First ever transgender Death Row killer pleads for execution to be cancelled

The first ever openly transgender Death Row inmate has pleaded against an upcoming execution and has cited their mental health as defence.

Legal representatives for Amber McLaughlin, 49, have asked governor Mike Parson to spare the Death Row inmate who was convicted of killing Beverly Guenther, 45, on November 20, 2003.

The killing saw the 45-year-old raped and stabbed to death in a sick crime that landed McLaughlin on Death Row, with lawyers now appealing against the death sentence.

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According to information gathered from the Death Penalty Information Centre, there are no known cases yet of a transgender prisoner being executed.

Public defender Larry Komp said: "It's wrong when anyone's executed regardless, but I hope that this is a first that doesn't occur.

"Amber has shown great courage in embracing who she is as a transgender woman in spite of the potential for people reacting with hate, so I admire her display of courage."

Mental health issues and a traumatic childhood were noted by McLaughlin's lawyers, background a jury during the 49-year-old's trial did not hear.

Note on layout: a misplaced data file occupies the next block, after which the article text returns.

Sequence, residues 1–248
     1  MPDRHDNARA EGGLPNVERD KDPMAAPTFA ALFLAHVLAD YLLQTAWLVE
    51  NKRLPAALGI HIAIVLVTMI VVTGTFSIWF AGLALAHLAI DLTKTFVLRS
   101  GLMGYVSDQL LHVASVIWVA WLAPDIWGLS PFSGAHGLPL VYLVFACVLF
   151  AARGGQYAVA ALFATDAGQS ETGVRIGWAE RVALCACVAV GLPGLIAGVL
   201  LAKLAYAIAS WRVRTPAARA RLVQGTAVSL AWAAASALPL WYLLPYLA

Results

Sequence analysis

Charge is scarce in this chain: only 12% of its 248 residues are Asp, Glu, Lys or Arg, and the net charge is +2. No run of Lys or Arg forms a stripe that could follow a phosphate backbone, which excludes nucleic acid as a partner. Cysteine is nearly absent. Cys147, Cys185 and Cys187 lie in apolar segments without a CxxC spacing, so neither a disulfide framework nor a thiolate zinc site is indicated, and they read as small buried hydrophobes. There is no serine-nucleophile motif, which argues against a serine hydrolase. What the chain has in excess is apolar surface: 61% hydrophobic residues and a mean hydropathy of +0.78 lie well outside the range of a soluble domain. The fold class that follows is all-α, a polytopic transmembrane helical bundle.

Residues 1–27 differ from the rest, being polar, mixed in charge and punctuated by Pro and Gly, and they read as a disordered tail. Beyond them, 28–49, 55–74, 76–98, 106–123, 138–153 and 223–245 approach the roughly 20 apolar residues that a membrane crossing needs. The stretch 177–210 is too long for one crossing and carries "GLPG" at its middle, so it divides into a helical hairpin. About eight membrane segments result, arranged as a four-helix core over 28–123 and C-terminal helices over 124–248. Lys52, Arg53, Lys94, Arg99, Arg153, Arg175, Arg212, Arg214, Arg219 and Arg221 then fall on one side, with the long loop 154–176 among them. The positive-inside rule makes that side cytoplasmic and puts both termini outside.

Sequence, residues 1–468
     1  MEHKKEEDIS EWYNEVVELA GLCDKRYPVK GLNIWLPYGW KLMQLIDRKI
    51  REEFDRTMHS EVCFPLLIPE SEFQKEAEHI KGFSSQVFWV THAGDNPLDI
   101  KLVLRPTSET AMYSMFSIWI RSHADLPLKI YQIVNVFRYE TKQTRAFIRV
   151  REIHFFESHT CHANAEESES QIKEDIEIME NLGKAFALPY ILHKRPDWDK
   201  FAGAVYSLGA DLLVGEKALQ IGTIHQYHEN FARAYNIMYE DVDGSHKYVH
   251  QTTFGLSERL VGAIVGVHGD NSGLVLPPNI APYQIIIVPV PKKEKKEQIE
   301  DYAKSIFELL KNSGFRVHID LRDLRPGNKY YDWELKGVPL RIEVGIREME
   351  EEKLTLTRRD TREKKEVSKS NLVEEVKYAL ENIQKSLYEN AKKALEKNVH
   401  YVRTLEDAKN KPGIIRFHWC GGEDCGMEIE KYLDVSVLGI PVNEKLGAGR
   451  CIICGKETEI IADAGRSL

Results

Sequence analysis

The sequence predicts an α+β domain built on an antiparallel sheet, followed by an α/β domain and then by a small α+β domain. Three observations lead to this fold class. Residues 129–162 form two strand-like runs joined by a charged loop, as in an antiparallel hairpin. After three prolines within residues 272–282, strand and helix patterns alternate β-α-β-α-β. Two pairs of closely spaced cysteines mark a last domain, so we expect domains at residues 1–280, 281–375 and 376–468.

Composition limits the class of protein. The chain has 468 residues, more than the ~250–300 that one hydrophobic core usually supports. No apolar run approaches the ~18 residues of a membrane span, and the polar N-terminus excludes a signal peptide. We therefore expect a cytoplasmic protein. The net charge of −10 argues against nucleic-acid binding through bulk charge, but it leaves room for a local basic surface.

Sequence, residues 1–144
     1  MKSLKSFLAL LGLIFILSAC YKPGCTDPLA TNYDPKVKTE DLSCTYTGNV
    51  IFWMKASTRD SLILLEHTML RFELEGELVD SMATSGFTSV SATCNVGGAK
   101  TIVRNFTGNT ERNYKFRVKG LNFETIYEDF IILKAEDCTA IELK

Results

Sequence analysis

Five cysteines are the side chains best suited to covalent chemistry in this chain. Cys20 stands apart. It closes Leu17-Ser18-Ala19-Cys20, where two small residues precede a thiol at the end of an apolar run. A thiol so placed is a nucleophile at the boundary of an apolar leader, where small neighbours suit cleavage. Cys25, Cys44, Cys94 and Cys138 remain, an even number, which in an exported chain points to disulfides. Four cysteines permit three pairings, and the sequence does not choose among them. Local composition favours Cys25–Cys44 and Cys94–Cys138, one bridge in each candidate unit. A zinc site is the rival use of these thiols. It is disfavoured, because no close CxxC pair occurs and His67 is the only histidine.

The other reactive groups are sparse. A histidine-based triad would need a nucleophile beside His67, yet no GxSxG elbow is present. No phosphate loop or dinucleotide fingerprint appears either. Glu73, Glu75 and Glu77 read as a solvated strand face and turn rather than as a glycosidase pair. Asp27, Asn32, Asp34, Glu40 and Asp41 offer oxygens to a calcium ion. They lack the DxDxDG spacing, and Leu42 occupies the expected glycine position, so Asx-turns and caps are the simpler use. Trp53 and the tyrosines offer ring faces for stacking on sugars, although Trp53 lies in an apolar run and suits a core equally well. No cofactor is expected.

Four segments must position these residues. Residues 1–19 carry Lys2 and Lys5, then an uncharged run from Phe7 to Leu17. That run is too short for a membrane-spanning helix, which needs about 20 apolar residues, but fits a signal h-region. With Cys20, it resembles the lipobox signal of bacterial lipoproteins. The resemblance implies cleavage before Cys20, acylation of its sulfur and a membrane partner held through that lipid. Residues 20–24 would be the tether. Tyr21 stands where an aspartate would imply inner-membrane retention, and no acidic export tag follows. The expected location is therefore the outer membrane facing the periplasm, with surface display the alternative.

Kelli Jones of the Governor's Office has said they are currently reviewing the request for mercy, with Jones adding: "These are not decisions that the Governor takes lightly."

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Background details of McLaughlin's life were aired as a letter to Governor Parson revealed the Death Row inmate had been tasered and had faeces rubbed on their face as a child.

The 49-year-old, who is said to be living in isolation in the lead-up to their execution, was sentenced to death by a judge after a jury were unable to decide on death or life in prison without parole.

In a letter to Parson, both the lack of decision made by the jury and the remorse shown by McLaughlin were cited as reasons to remove the death order, ABCNews reported.

Karen Pojmann of the Corrections Department, said: "It is extremely unusual for a woman to commit a capital offense, such as a brutal murder, and even more unusual for a women to, as was the case with McLaughlin, rape and murder a woman."

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